Less inflation, better jobs… life is good in France | Economy

OAs the UK, US and much of the EU grapple with a cost of living crisis exacerbated by Russia’s invasion of Ukraine, in France the “tariff shield” of the President Emmanuel Macron is helping to contain rising prices.

Inflation there hit 4.5% in March, and while up from 3.6% in February, it remains one of the lowest rates in the industrialized west and well below 6.2% from the UK, 7.3% from Germany, 9.8% from Spain and 11.9% from the Netherlands. . Last year’s decision to limit the amount by which France’s largely state-owned energy companies could raise prices has benefited consumers and relieved some of the inflationary pressure on industries that rely on electricity. gas and electricity.

In France, where about two-thirds of electricity comes from Electricité de France’s nuclear power plants, the electricity component of inflation has increased by 4% over the past 12 months, but by more than 27% on average in the euro area in general.

Yet in the first round of the presidential election next Sunday, Macron will face criticism from left and right for soaring diesel prices, which have hit the rural poor, and for his attempts over the past five years. previous attempts to end decades of low growth with a string of business-friendly policies.

The recent outrage over his spending of 2.4 billion euros on consultants since taking office, including 1 billion euros with McKinsey of the United States, is another issue that is making headlines, drowning his impressive economic record and eroding its lead in the polls.

By most economic criteria – national income, business investment, consumer spending, labor supply and rising prices – France is at or near the top of the wealthy nation pack. Contrary to most forecasts, its economy recovered last year to 1% above pre-pandemic levels. The UK is still 0.1% below.

Business investment is up in France but down in the UK. Labor shortages there are confined to discrete corners of the economy, thanks to the expansion of a German-style apprenticeship scheme that the UK government has promised but has yet to deliver. implemented.

UBS economist Felix Huefner said: “The exceptional performance of the labor market has been a huge surprise.”

More people are working in France than before the pandemic, while in the UK around 500,000 people, mostly over the age of 50, have left the labor market, exacerbating shortages.

Daniela Ordonez of Oxford Economics credits better-funded and targeted financial support: “It meant the French kept buying big-ticket items while other countries stopped.”

The performance gap may seem small – the number of people working or looking for work is 1% higher in France than in 2019 (and 1.5% lower in the UK). But Huefner says an increase in the number of workers during the pandemic has helped keep French wages in check – and business costs down.

Philippe Aghion of the Insead business school in Fontainebleau indicates that 1.2 million jobs were created between 2017 and 2021, “and not just any jobs – the proportion of long-term and long-term jobs has increase”.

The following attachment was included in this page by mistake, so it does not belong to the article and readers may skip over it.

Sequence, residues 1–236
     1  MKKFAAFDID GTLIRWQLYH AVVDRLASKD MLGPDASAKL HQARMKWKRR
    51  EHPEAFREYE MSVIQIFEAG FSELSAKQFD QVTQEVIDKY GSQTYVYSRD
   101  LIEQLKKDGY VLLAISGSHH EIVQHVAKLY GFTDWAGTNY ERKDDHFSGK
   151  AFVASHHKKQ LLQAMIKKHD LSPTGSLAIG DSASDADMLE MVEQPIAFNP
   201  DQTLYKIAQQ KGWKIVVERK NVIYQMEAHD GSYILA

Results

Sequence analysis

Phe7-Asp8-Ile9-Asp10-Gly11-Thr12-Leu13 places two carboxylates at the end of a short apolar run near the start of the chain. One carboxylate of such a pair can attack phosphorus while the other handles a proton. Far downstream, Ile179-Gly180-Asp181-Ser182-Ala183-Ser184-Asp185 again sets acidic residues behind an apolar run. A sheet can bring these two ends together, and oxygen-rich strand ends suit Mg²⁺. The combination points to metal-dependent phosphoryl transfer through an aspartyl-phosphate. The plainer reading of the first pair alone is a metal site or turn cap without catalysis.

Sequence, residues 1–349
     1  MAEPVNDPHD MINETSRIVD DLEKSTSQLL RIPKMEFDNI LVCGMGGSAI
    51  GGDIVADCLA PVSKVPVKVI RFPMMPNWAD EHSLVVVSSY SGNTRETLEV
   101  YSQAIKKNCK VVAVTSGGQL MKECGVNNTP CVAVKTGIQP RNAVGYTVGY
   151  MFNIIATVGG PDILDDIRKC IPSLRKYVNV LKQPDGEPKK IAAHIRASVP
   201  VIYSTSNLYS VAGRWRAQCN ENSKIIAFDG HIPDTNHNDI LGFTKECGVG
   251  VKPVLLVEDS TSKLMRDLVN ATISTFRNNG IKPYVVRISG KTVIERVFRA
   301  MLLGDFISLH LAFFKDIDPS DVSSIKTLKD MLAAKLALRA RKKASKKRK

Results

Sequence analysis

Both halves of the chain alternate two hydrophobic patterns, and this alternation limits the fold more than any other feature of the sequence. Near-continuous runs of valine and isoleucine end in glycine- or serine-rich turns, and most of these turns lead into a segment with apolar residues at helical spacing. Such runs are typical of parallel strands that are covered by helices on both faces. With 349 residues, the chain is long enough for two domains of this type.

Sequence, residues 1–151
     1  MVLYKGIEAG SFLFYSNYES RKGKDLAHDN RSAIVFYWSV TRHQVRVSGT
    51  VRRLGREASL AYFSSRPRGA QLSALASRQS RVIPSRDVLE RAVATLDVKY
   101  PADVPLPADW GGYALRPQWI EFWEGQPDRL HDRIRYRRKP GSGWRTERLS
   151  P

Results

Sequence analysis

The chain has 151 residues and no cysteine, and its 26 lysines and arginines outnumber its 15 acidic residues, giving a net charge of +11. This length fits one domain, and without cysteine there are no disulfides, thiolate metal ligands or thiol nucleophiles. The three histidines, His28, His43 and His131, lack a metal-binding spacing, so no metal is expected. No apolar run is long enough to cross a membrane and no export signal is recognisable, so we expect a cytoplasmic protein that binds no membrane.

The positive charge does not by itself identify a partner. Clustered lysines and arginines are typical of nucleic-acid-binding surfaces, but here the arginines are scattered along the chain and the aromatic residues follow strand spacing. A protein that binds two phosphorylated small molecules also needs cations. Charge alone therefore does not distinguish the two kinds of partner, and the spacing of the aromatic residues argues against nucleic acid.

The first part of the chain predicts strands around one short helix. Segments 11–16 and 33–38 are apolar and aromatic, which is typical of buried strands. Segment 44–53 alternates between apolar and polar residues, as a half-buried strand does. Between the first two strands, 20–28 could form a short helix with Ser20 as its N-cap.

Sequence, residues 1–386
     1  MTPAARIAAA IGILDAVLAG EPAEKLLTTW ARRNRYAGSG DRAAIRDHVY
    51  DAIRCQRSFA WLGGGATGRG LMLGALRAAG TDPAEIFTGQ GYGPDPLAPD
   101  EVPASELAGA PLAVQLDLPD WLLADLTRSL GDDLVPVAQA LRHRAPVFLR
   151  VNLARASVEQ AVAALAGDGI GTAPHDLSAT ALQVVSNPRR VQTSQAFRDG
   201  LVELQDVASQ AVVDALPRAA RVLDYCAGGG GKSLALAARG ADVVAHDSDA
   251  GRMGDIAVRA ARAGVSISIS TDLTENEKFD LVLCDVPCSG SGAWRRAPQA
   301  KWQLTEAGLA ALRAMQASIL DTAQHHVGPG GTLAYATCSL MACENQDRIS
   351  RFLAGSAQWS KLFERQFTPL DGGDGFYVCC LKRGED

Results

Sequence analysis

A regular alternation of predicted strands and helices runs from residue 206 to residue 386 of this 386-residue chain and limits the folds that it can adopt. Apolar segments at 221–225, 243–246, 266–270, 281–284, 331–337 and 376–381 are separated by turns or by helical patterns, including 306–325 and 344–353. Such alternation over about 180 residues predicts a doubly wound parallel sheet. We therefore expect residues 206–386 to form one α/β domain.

Temporary contracts, especially for young workers, were common after nearly two decades of restrictive labor laws – notably the 35-hour week, which dates from February 2000. Agency workers, contractors and trainees are become as common in France as in the UK, as companies tried to avoid the costs of permanent employment.

Aghion was one of Macron’s three economic advisers when he first ran for president. He says the president’s cap on labor court costs has been a game-changer, prompting big companies to hire more full-time workers.

The apprenticeship and training reforms have been another seismic boost, he says: “In France, we were very top-down, but today we are more bottom-up, allowing workers to negotiate solutions with the businesses. Training is no longer decided by the unions; the workers choose what to do, as they do in Germany.

Addressing the Observer Last week, Cédric O, France’s secretary of state for the digital economy and a close ally of Macron, said the president’s tax and labor law reforms and his understanding of small business concerns had played a role. important: “He understands and believes in entrepreneurs. We are now halfway to creating the business ecosystem that we need.”

Ordonez fears that much of the money spent by Macron during the pandemic has driven the national debt from less than 100% to 115% of national income in two years.

Earlier this year, the Governor of the Banque de France, François Villeroy de Galhau, warned election candidates that proposals for tax cuts and new spending were unaffordable: “We cannot let our public finances deteriorate further.

Macron has already committed more than 60 billion euros to a recovery fund, alongside 40 billion euros from the EU, to provide the backbone of public investment over the next two years.

But Ordonez is among those who argue that, so far, the Macron government has distributed borrowed funds wisely. “The money is being spent to restructure the economy and free businesses from historically high taxes,” she says.

“Increased investment and job creation will pay dividends.”

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